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Latreille, 1809 (recent major revisions by Lafontaine & Fibiger (2006)
Hacker & Zilli (2007)
Lafontaine & Schmidt (2010))
|About 4,200 genera,
The Noctuidae or owlet moths are a family of robustly built moths that includes more than 35,000 known species out of possibly 100,000 total, in more than 4,200 genera. They constitute the largest family in the Lepidoptera.
Most have drab forewings, although some have brightly coloured hindwings. Differences between the sexes are usually few. The overwhelming majority of noctuids fly at night and are almost invariably strongly attracted to light. Many are also attracted to sugar and nectar-rich flowers.
Some of the family are preyed upon by bats. However, many Noctuidae species have tiny organs in their ears that respond to bat echolocation calls, sending their wing muscles into spasm and causing the moths to dart erratically. This aids the moths in evading the bats.
Several species have larvae (caterpillars) that live in the soil and are agricultural or horticultural pests. These are the "cutworms" that eat the bases of young brassicas and lettuces. They form hard, shiny pupae. Most noctuid larvae feed at night, resting in the soil or in a crevice in its food plant during the day.
The Noctuidae are also remarkable for containing an extraordinary number of species whose caterpillars are able to feed on certain poisonous plants without harm. These foodplants — namely Solanaceae (e.g., Nicotiana) and Fabaceae (e.g., Sophora) — contain chemicals that would kill most insects trying to feed on them.
Division into subfamilies, and the number of subfamilies is unsatisfactory and varies somewhat in various taxonomical systems. Several moth genera are not yet robustly assigned to subfamilies:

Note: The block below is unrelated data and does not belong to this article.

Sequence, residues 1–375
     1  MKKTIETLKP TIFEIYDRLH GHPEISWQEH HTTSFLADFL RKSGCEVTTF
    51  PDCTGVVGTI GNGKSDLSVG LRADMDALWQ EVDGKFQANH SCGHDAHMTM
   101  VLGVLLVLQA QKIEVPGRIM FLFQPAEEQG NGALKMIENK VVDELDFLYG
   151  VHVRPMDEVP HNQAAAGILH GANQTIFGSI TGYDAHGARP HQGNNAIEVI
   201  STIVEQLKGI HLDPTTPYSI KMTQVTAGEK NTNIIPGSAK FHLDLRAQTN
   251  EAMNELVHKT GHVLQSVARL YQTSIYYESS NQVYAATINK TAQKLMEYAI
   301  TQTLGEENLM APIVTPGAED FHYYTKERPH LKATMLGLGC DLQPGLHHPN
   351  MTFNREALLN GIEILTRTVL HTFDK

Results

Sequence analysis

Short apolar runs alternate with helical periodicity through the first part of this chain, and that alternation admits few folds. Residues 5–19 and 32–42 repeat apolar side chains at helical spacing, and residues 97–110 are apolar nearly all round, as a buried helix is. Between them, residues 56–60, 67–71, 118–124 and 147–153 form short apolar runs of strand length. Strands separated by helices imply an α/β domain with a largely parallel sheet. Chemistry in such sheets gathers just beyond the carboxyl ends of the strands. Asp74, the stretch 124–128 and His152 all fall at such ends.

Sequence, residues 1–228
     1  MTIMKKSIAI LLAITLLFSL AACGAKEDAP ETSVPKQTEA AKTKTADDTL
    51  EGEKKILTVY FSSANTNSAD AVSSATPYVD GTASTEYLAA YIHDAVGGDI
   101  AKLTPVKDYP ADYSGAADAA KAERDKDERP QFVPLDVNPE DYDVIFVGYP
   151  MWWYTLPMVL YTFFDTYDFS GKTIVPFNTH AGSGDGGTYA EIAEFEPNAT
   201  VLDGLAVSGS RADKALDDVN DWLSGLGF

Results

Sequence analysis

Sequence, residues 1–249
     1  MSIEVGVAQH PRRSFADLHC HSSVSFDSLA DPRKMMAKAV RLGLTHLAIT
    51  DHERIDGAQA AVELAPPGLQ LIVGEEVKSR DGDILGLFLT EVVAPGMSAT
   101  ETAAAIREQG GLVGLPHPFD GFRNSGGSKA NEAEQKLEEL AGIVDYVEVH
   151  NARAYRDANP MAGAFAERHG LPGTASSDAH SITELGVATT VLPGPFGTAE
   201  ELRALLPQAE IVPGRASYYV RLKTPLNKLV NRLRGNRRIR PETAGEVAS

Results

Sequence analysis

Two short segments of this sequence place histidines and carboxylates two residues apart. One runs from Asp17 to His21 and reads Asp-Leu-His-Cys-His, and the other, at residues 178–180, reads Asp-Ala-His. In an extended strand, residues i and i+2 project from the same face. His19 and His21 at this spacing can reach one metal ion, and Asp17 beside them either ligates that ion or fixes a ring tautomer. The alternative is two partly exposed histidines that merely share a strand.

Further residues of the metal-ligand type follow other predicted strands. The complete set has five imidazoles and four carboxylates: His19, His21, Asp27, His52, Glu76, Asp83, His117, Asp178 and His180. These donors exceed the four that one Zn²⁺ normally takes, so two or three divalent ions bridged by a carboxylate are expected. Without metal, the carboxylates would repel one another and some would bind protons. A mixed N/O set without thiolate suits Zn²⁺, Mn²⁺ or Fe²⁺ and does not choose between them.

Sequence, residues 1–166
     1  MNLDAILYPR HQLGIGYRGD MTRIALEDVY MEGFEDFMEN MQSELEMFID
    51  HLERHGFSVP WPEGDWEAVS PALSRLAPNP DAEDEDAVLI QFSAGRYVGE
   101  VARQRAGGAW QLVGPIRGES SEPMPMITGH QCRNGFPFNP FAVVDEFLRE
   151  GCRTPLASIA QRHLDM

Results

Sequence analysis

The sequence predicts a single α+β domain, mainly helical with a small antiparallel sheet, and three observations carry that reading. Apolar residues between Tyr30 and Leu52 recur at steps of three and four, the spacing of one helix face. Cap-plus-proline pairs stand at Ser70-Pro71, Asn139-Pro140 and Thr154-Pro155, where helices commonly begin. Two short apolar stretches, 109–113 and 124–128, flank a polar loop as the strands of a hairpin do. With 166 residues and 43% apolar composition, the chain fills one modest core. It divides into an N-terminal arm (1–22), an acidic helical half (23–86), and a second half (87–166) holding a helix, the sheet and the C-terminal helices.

Recent molecular studies, however, have shown that the family Noctuidae is paraphyletic. The subfamily Plusiinae should be raised to family status. The Noctuidae sensu stricto should be confined to trifines. The quadrifid noctuid subfamilies are paraphyletic (or perhaps polyphyletic) and should be grouped in a clade with the Arctiidae and Lymantriidae. The terms trifid and quadrifid refer to the number of veins from the lower part of the hindwing midcell.
- Acronicta aceris (the sycamore)
- Acronicta exilis (exiled dagger moth)
- Acronicta leporina (the miller)
- Acronicta psi (grey dagger)
- Cryphia domestica (marbled beauty)
- Amphipyra pyramidea (copper underwing)
- Amphipyra tragopoginis (mouse moth)
- Spodoptera cilium (dark mottled willow, lawn caterpillar or grasslawn armyworm)
- Spodoptera exempta (African armyworm)
- Discestra trifolii (the nutmeg)
- Mamestra brassicae (cabbage moth)
- Melanchra persicariae (dot moth)
- Lacanobia oleracea (bright-line brown-eye)
- Hecatera bicolorata (broad-barred white)
- Hadena bicruris (the lychnis)
- Cerapteryx graminis (antler moth)
- Panolis flammea (pine beauty)
- Orthosia cerasi (common Quaker)
- Orthosia gothica (Hebrew character)
- Mythimna ferrago (the clay)
- Mythimna impura (smoky wainscot)
- Noctua pronuba (large yellow underwing)
- Eugnorisma glareosa (autumnal rustic)
- Lycophotia porphyrea (True Lover's Knot)
- Diarsia mendica (ingrailed clay)